People who buy lottery tickets know that those are poor investments.
Specifically, they have negative expected returns, paying out perhaps 50 percent of the proceeds from sales. Lottery tickets have another very specific feature—the distribution of returns isn’t “normal,” like the well-known bell curve. Instead, the distribution exhibits what is called “excess kurtosis” and “positive skewness.” Some definitions will be helpful.
Kurtosis is the degree to which exceptional values, much larger or smaller than the average, occur more frequently (high kurtosis) or less frequently (low kurtosis) than in a normal distribution. High kurtosis results in exceptional values called “fat tails.” Low kurtosis results in “thin tails.”
Skewness is a measure of the asymmetry of a distribution. Negative skewness occurs when the values to the left of (less than) the mean are fewer but farther from the mean than values to the right of the mean. For example, the return series of –30 percent, 5 percent, 10 percent and 15 percent has a mean of 0 percent. There’s only one return less than zero, and three higher; the negative one is much farther from zero than the positive ones. Positive skewness occurs when the values to the right of (more than) the mean are fewer but farther from the mean than are values to the left of the mean.
Playing The Investment Lottery
Lottery tickets exhibit both a fat tail (high kurtosis) and positive skewness. Given their negative return, it must be that this feature is what’s attracting people to buy lottery tickets. Even though the likelihood of winning is small, if you win, you win a very large amount.
Academic research has discovered that investors have a preference for investments that exhibit the same characteristics as lottery tickets; namely, high kurtosis and positive skewness. Just as is the case with lottery tickets, this preference leads them to overinvest in the most highly skewed securities, with values to the right of the mean. The increased demand leads to higher prices, with the consequence that those securities will have lower subsequent average returns.
The research has found that there is a strong negative relationship between the skewness of an investment and subsequent returns—firms with less negative or positive skewness earn lower returns. Investments with high kurtosis and positive skewness have poor returns, similar to most lottery tickets.
On the other hand, investments with high kurtosis but negative skewness—with values to the left of and less than the mean that are fewer but farther from the mean than values to the right of the mean—have high returns.
The big difference, as you probably noticed, is that investments with fat tails and positive skewness have the potential, but small likelihood, for large gains. One example of investments that exhibit lotterylike characteristics are IPOs. Research has found that IPOs experience significantly greater first-day returns (at least if you’re lucky enough to buy at the initial offering price), followed by substantially greater negative abnormal returns in the subsequent three to five years.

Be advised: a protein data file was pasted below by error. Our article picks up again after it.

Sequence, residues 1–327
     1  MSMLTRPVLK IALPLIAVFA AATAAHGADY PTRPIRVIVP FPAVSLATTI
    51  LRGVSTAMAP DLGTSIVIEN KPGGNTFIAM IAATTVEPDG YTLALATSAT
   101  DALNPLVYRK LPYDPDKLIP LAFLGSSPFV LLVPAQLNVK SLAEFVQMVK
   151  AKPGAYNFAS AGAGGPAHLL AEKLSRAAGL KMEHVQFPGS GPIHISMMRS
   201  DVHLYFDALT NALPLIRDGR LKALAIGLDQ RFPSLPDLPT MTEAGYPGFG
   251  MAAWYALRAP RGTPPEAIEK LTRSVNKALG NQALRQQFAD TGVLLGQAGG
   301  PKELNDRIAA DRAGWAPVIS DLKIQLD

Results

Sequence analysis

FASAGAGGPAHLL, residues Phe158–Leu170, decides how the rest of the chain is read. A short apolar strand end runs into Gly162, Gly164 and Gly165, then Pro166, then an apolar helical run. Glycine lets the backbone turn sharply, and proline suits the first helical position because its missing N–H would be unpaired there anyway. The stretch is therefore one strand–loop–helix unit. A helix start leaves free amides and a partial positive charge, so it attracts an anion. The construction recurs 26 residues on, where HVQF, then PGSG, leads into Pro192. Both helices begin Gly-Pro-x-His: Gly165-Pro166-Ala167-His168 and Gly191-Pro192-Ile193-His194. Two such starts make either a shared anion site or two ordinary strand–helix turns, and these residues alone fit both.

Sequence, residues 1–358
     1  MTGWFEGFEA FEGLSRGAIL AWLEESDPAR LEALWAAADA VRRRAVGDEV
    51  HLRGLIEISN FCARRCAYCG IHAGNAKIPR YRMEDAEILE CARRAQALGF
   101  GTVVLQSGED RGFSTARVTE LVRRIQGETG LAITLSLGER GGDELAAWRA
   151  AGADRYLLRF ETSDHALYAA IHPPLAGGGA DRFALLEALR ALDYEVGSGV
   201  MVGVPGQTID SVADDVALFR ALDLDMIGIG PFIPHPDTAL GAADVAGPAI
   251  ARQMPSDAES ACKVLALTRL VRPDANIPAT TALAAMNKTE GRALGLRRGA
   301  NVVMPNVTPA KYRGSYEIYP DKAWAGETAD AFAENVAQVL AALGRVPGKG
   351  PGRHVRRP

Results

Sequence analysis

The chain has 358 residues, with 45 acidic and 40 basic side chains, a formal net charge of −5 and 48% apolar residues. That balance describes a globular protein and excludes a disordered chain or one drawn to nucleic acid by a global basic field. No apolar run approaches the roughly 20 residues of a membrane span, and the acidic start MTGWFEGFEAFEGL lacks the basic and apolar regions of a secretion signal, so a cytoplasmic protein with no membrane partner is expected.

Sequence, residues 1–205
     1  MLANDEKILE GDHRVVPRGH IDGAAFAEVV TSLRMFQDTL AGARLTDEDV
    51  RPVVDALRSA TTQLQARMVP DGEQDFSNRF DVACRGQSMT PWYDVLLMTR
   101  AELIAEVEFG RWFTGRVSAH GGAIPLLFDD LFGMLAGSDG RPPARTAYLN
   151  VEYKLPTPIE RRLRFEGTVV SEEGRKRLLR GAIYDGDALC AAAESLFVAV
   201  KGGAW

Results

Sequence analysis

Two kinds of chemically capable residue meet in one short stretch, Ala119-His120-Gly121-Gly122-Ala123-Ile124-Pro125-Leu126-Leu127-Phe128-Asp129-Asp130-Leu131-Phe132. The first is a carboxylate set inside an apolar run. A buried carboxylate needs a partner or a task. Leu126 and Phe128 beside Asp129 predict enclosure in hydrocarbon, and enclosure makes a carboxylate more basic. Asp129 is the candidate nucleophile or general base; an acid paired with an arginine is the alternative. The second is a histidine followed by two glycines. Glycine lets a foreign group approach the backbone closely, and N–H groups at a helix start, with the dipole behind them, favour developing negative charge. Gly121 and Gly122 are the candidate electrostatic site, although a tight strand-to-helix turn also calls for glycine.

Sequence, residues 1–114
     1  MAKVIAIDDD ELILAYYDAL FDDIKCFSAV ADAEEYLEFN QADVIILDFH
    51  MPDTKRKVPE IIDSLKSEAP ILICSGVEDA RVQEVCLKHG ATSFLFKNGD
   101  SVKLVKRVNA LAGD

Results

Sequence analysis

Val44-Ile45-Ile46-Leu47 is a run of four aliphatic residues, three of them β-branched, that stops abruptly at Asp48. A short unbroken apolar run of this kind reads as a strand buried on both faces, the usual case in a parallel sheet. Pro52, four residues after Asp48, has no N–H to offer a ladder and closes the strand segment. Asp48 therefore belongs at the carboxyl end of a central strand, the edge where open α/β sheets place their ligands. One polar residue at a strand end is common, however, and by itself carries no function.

Other examples of investments with lottery-like characteristics are extreme small-growth stocks, “penny” (low-priced) stocks, and stocks in bankruptcy. The evidence demonstrates that investors would improve their performance if they avoided these investments instead of preferring them.
The potential for one big payout—or jackpot—is not a solid investment plan. Think of how much you’ll lose between now and your “big win.”
On the other hand, investments with fat tails and negative skewness have the potential for huge losses, losses that tend to appear at the wrong time. Investors have a preference for avoiding such investments, leading to their having low valuations, and, therefore, high expected returns.
Two investment strategies that exhibit these characteristics are momentum and what is known as the carry trade (borrowing (going short) a currency with a relatively low interest rate and using the proceeds to purchase (going long) a currency yielding a higher interest rate, capturing the interest differential).
While the returns have been high, it’s important you also consider that there is the potential for large losses. In fact, the high returns can be seen as compensation for accepting the risks of large losses, losses that have a nasty tendency to appear at the wrong time.
The authors of the study “Ex Ante Skewness and Expected Stock Returns,” which appears in the February 2013 issue of the Journal of Finance, added to the literature on this issue. They found that there is “a significant negative relation between firms’ risk-neutral skewness and subsequent returns, that is, more negatively skewed securities have higher subsequent returns.”
They also found that these relations persist after controlling for firm characteristics, such as beta, size and book-to-market ratios. The data was both statistically and economically significant. The authors cited prior research that confirmed the preferences of individual investors.
Don’t Stay Positive
Everyone dreams of that big win—the big check, the balloons, the financial security, but that’s a pipe dream. In the meantime, investors (and lotto players) have to deal with reality, and the evidence is piling up that human behavior has a significant impact on investment returns. The preference for positive skewness in their investments is negatively impacting returns of those who buy securities with that characteristic. Perhaps it’s time to check your portfolio to see if your portfolio has been influenced by a preference for skewness. Remember, a lottery ticket that only costs you around $2.00, an investment based on the appeal of a potential big return, could cost you a great deal more.
Larry Swedroe is director of Research for the BAM Alliance, which is part of St. Louis-based Buckingham Asset Management.
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